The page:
Distinguished pianist and pedagogue Aiko Onishi sums up her wide-ranging knowledge about the piano and music-making in Piansim.
What other source describes the different physical gestures required to produce so many different kinds of sound? not just singing tones, but also, for example, harmonious tones, colorless tones, rich chordal tones, and bell-like tones.
With imaginative metaphors and similes, Ms. Onishi suggests how to analyze a score for expressive musical communication. She supplies us with practical suggestions for learning repertoire, memorizing, and preparing for performance. Just her observations about pedaling make this book indispensable.
In my view, Aiko Onishis Pianism is a landmark in the literature about playing the piano. It is an invaluable resource for teachers and for students from the earliest years of study on through the artist level.
Nelita True Professor and Chair, Piano Faculty Eastman School of Music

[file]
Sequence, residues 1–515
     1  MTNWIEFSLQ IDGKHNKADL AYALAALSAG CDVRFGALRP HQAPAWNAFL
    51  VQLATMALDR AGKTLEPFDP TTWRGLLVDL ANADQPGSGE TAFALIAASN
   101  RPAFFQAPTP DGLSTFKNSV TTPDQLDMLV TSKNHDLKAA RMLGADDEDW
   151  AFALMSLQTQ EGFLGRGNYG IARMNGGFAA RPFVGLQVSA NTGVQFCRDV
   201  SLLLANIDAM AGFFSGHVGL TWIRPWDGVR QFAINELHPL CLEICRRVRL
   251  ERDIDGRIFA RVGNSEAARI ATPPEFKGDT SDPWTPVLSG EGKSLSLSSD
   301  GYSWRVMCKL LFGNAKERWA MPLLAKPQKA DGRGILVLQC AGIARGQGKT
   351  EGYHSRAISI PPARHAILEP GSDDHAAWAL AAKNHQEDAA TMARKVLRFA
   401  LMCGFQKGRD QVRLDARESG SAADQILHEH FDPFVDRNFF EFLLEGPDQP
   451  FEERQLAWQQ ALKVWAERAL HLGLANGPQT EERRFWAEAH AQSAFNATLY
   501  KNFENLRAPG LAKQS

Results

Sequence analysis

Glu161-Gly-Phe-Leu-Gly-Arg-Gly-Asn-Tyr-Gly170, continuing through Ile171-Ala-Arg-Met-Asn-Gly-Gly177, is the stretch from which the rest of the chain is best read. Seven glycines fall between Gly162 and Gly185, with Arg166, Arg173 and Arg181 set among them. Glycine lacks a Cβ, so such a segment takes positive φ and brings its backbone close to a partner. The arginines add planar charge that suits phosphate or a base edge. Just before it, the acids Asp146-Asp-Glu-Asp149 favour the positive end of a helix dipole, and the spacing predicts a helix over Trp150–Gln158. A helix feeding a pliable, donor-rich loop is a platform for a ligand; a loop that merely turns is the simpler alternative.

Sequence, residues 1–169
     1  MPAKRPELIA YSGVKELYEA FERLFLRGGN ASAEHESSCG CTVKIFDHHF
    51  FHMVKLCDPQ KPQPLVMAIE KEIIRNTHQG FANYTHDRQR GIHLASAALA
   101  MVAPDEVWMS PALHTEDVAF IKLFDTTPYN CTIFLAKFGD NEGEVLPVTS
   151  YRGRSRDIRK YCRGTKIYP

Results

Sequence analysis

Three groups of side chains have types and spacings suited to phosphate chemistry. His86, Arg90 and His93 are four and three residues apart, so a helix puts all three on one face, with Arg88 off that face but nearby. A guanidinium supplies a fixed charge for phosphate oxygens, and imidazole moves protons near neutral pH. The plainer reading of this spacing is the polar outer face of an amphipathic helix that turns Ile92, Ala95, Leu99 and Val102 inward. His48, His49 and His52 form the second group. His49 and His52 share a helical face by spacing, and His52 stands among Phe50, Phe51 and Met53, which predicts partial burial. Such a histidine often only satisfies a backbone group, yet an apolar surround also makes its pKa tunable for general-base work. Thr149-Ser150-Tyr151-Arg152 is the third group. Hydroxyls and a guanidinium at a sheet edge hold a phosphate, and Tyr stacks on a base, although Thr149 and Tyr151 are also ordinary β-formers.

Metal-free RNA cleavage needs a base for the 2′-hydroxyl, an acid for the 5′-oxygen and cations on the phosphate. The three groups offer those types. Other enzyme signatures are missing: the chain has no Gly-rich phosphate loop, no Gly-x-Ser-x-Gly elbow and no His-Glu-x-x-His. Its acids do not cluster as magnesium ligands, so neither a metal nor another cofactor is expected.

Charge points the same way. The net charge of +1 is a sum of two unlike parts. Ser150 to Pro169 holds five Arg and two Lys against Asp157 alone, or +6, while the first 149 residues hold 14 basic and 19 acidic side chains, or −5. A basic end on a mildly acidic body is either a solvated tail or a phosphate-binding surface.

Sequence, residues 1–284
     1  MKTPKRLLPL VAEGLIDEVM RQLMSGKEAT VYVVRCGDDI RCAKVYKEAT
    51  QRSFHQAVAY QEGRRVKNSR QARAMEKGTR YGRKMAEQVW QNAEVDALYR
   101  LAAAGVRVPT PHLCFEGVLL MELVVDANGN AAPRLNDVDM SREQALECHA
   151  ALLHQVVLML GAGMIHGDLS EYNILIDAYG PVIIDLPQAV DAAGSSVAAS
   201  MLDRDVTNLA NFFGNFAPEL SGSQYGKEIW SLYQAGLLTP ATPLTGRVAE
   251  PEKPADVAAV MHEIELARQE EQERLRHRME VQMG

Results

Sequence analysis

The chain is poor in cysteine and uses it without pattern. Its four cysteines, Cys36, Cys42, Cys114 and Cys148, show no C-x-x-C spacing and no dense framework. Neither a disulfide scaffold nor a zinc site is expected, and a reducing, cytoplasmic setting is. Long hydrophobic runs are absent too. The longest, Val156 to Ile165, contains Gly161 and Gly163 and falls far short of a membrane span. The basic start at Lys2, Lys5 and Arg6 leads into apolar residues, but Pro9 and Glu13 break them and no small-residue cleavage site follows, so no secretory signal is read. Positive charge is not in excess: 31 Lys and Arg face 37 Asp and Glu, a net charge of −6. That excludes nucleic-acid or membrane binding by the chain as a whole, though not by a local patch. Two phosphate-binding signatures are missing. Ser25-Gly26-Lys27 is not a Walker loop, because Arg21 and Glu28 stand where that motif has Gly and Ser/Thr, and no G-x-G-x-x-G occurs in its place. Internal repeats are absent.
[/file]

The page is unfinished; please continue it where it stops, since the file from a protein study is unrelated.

Aiko Onishi has concertized and given lectures in over 60 cities in the United States, and has played in all the major cities in Japan. She was a professor for six years at the Toho School of Music in Japan and for twenty-one years at San Jose State University in California. As a teacher, Miss Onishi has produced many outstanding students, some of whom have won top prizes at international competitionsincluding Leeds, Busoni, Casadesus, Kapell, Chopin, Munich, University of Maryland, and the Washington International Competition. Aiko Onishi was born in Tokyo, Japan. She started learning the piano from her mother, Teiko, an accomplished pianist and a graduate of the New England Conservatory of Music. She later studied with Mr. Motonari Iguchi and Miss Aiko Iguchi, his sister. Upon winning a Japan National Competition, she was invited to study at the Eastman School of Music with Madame Cecile Genhart, who gave her a real foundation as a pianist. After earning the B.M. with Distinction, Performers Certificate, and Artists diploma, she continued to study with Frank Mannheimer; with whom she coached on and off for the next sixteen years. During the winter of 1964-5, she had the great privilege of studying with Dame Myra Hess in London.